I think we've established here that I'm a reasonably genderqueer kind of person. I don't see myself as particularly masculine, certainly, and there are a lot of reasonably feminine things I like to do - adopting an effeminate vocal style, wearing make-up, being the non-dominant partner in my relationships etc. Having said that I don't really have any burning desire to have a man in surgical gear do a quick-change act on my winkie because, well, I kinda like it. It's brought pleasure to me, and many other people. Essentially, I may be a femme in a bear's body, but to be honest I like things that way.
What I don't like is being harassed by heteronormative fuckwittery on Facebook, as happened earlier. Vada, if you will, this page.
It's not necessarily the 'Mr T as Ubermensch' meme that I don't like here. It isn't even the 'Get some nuts' campaign itself. At first I found it kind of amusing because, (a) it was targeting people not so much not being men as men being cowardly or ridiculous, and (b) it's Mr T goddammit! I still have fond memories of Mr T telling kids to stay off the drugs, palling around with Hulk Hogan, and showing he was man enough to not be threatened by Boy George. I like the T. Hell, he even kicked cancer's ass. I'm down with the man with the mohawk.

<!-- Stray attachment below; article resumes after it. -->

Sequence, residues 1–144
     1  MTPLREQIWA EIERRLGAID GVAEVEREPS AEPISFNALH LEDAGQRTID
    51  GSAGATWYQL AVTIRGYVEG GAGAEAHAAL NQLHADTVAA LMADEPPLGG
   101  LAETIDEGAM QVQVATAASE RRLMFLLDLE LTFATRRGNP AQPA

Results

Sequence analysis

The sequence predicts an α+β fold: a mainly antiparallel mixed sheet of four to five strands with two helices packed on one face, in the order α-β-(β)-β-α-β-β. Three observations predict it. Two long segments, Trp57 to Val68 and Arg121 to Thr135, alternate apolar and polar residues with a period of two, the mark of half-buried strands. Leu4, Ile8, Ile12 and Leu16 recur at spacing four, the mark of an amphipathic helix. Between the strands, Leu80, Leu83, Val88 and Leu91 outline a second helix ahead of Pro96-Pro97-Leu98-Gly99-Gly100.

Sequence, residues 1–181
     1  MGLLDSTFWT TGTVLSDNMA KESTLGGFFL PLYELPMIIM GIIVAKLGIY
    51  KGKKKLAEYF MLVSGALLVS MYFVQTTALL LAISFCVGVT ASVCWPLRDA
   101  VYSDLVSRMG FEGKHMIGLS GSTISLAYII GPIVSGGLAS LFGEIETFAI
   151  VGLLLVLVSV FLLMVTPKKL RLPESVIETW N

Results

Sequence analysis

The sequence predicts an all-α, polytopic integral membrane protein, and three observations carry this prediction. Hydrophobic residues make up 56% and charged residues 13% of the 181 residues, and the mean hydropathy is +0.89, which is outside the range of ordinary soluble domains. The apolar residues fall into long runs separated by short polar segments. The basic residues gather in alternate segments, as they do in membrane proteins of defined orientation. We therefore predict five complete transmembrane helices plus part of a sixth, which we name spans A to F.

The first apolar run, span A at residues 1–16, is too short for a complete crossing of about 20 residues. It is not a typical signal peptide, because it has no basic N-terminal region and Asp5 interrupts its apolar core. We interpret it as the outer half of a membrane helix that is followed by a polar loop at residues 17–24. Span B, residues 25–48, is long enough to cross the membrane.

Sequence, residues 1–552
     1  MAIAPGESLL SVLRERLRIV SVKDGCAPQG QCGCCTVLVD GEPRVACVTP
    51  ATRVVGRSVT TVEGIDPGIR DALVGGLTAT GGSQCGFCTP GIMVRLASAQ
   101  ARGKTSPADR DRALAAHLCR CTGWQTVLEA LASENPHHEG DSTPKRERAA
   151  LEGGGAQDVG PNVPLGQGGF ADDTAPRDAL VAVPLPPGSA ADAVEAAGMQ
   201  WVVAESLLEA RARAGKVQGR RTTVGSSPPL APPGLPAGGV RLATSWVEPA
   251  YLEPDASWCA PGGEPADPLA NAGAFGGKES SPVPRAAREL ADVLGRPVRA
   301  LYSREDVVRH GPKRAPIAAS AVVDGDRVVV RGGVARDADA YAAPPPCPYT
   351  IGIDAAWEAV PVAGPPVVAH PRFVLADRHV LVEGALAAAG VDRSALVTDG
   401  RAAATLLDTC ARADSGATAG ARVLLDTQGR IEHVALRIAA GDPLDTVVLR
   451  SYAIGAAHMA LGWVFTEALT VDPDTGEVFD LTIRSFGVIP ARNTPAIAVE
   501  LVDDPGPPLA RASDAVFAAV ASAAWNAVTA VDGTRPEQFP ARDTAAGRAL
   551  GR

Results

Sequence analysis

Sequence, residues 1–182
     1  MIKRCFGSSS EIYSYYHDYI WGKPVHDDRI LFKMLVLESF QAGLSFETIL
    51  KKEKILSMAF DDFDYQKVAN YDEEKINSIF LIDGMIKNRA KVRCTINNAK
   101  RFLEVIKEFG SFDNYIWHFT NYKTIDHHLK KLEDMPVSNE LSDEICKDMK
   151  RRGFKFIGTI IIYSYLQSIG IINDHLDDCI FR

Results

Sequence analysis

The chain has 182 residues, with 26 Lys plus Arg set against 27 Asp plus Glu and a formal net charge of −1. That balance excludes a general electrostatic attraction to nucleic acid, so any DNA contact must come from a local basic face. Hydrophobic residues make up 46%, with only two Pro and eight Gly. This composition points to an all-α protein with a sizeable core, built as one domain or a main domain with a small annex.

So I have no problem with the man who played BA Baracus. I want that out there right now. What I do have a problem with is the crawling half-human scum who decided to graft this hateful little meme onto the Mr T Snickers campaign:
'Have you got a friend who needs to get some nuts? Either click on the "Snickers Mr T" tab to get Mr T to send that fool a message, or Shop Your Mate at http: www.getsomenuts.tv for the chance to win £1K!' (and yes, that hyperlink HAS been deliberately disabled)
Hey, fellas! Do you know someone who fails to conform to rigid notions of masculinity? You do? Then why not dob them in for a chance to receive a financial reward? Inform on your friends and family, that's a cool thing to do!
Look, I know what you're going to say. I'm not getting it. I'm just another humourless Guardian-reading spider and I ought to lighten up. But the thing is, look: kids with gender and sexuality issues already feel as if they're trapped in hostile territory where any transgression of some imagined code of masculinity could expose them to retribution, and in which they learn to police themselves carefully to avoid blowing their cover. Us all being adults, let's not encourage such a climate for the sake of a cheap advertising pop, eh?
Now that would really be showing some nuts.